Another potential limitation of the current quantitative models is the assumption of a well-mixed extravascular-extracellular space. Standard modeling assumes a linear dependence of the relaxation rate on the CA concentration (Equation 1). However, studies have shown that the exchange between the intracellular and extracellular space may not be rapid enough to ensure a homogenous system thus violating the assumption of linear CA dependence; to this avail, authors have considered the extravascular-intracellular space as a secondary water pool distinct from the extravascular-extracellular water [160,161,162]. The traditional standard and extended Kety-Tofts models assume that the extravascular space is a homogeneous solution and that the system remains in what is called the “fast exchange limit” (FXL) with respect to the water exchange between the extravascular extracellular space and the extravascular intracellular space. But in most tissues, most water is intracellular, and because the common Gd chelates cannot access the intracellular space, water exchange between the extravascular extracellular space and the extravascular intracellular space may need to be explicitly incorporated into analytic models [161,162,163,164]. Similar comments apply to water exchange between the intravascular and extravascular spaces when using an intravascular agent [165]. In these cases, longitudinal relaxation may not be well described by a single exponential [160,166,167]. The effects of slower water exchange may be incorporated into analyses of the DCE-MRI data. As one might guess, the estimated pharmacokinetic parameters may differ significantly [35,161,162,163,164,168] depending on the model that was used to extract them, and these differences may have a significant effect on establishing if, for example, a tumor is responding to treatment. However, there is some disagreement as to whether this formalism is truly justified in a standard DCE-MRI study and it is therefore an active area of investigation [37,38].

These results, along with those presented for the effect of diffusion, make it clear that the quantitative models generally used for DCE-MRI analysis are most likely simplifications of the true physiologic behavior of the tissue, a point that needs to be considered when drawing conclusions from quantitative parameters.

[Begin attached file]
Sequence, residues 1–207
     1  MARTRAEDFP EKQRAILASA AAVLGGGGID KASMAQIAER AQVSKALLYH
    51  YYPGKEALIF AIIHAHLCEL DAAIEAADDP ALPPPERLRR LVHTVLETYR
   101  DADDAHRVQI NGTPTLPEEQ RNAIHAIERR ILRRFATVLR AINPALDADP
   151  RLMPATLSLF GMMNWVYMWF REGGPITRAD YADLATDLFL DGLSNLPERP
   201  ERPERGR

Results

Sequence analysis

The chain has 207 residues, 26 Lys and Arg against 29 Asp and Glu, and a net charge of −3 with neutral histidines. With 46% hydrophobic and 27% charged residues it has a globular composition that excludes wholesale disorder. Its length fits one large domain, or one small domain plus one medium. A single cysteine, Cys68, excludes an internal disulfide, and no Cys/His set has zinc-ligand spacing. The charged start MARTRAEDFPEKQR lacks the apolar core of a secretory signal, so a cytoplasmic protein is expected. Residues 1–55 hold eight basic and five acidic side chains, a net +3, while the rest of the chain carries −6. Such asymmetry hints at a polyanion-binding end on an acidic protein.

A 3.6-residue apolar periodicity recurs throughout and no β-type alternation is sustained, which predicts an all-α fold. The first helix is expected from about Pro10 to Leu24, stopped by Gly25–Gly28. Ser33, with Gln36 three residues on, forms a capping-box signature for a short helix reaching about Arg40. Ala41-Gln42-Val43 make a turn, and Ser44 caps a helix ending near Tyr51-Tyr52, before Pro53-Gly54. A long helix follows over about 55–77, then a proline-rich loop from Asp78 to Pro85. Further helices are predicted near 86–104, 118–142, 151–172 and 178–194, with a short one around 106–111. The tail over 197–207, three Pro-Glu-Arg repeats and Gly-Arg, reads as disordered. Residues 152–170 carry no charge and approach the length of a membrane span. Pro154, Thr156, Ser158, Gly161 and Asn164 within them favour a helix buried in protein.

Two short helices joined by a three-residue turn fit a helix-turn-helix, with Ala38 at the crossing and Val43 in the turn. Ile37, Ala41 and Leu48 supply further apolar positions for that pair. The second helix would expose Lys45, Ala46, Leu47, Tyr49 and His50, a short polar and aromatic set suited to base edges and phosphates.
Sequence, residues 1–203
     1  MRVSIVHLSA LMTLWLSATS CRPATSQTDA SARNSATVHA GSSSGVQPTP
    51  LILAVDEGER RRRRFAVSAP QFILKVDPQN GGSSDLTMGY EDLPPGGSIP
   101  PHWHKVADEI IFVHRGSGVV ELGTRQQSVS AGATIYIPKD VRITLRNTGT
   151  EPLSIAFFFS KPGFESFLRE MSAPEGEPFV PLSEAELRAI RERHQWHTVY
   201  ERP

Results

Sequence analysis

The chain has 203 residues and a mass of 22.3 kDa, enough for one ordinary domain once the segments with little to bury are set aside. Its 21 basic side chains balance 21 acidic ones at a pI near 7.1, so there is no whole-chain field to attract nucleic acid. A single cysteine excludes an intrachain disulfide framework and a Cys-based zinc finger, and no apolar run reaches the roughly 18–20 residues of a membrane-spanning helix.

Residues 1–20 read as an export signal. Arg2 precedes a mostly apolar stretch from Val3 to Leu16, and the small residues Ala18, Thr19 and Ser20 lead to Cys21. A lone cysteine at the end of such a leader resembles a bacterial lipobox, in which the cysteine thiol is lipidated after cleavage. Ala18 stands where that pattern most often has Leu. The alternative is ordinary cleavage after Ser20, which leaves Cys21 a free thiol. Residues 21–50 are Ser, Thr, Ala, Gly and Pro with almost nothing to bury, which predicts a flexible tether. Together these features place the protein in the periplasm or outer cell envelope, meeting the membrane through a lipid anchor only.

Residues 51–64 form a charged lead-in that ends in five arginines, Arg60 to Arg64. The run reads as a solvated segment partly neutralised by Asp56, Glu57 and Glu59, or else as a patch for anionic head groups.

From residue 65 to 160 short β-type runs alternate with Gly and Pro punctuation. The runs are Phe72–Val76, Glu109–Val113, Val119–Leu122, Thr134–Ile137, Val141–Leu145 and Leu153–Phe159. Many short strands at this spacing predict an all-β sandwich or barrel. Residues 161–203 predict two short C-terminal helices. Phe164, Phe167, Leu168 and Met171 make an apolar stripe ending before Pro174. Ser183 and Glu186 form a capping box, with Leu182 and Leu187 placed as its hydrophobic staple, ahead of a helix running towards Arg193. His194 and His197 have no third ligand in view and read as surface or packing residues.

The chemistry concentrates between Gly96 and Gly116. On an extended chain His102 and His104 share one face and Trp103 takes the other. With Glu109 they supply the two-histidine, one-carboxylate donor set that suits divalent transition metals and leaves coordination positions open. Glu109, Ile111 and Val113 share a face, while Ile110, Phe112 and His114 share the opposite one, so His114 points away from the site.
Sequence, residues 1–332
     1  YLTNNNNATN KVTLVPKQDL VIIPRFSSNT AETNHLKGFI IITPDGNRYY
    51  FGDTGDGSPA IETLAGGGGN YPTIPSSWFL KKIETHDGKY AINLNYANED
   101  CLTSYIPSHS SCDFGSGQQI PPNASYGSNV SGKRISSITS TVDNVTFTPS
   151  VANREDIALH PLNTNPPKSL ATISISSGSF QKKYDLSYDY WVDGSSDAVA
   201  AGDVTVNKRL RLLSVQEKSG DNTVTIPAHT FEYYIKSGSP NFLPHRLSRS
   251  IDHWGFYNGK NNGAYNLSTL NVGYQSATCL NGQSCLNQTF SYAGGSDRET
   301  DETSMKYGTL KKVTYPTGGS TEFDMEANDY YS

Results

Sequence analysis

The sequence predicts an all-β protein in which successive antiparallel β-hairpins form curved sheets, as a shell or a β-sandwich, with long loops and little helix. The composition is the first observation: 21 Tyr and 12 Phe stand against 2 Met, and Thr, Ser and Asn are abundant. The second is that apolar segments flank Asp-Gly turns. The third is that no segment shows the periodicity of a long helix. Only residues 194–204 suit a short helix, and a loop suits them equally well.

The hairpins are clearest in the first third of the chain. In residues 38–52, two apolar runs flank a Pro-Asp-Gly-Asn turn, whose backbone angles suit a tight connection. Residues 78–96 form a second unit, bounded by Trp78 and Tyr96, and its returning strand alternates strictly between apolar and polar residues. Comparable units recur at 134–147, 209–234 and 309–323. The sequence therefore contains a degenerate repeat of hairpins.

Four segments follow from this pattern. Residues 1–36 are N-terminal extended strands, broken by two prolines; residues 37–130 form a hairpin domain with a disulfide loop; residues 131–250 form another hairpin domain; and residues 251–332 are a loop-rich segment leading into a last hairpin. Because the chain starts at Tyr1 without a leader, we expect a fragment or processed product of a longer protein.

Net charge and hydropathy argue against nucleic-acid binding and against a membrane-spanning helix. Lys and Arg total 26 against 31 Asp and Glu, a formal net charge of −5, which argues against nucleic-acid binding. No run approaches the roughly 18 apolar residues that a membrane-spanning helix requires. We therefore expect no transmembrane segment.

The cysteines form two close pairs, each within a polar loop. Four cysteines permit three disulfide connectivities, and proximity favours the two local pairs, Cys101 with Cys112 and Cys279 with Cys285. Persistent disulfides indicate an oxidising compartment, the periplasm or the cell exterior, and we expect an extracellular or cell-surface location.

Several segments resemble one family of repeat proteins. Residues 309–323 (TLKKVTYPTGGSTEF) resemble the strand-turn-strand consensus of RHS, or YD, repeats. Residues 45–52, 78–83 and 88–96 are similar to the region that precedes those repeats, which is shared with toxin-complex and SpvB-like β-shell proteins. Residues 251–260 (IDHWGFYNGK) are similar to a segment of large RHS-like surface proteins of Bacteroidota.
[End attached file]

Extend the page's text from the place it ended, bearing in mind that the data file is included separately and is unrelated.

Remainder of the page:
Figure 6. Representative signal intensity curves from DCE-MRI data demonstrating dynamic time courses from a well perfused region and the potential effect of contrast agent diffusion in the extravascular space. Time courses are also shown with a curve fit from standard Kety-Tofts model; Ktrans (min−1) is 0.92 and <0.001 (almost zero) for the well perfused and necrotic region, respectively, ve is 0.44 and 1.6 for the well perfused and necrotic region, respectively. The effect of diffusion can be seen by the persistence of the contrast agent in the latter portion of the curves, specifically in the curve labeled as “possibly necrotic”. This diffusion effect causes the model to return ve values that are unphysiological (i.e., ve > 1).
Figure 6. Representative signal intensity curves from DCE-MRI data demonstrating dynamic time courses from a well perfused region and the potential effect of contrast agent diffusion in the extravascular space. Time courses are also shown with a curve fit from standard Kety-Tofts model; Ktrans (min−1) is 0.92 and <0.001 (almost zero) for the well perfused and necrotic region, respectively, ve is 0.44 and 1.6 for the well perfused and necrotic region, respectively. The effect of diffusion can be seen by the persistence of the contrast agent in the latter portion of the curves, specifically in the curve labeled as “possibly necrotic”. This diffusion effect causes the model to return ve values that are unphysiological (i.e., ve > 1).
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7. Summary

DCE-MRI has the potential to serve as a biomarker of disease progression and response to treatment. Preclinical applications of DCE-MRI play a pivotal (and central) role in the development and advancement of the technique. In this review, we have explored the practical considerations necessary to develop a preclinical study, including background information on DCE-MRI, the necessary acquisition and analysis components, and the points that should be considered before executing a study. Additionally, we have provided a discussion of the methods of validating DCE-MRI, as well as a discussion of the correlation of DCE parameters to other imaging modalities. It is our hope that this review will provide encouragement and useful guidance to incorporate DCE-MRI into preclinical studies of anti-cancer therapies.


We thank the National Cancer Institute for funding through R01 CA138599, U01 CA142565, R25 CA092043, P50 CA128323, and P30 CA68485. We thank the Kleberg Foundation for the generous support of the imaging program at our institution. J.G.W. would also like to thank Jack Skinner and Julio Cardenas-Rodriguez for helpful discussions.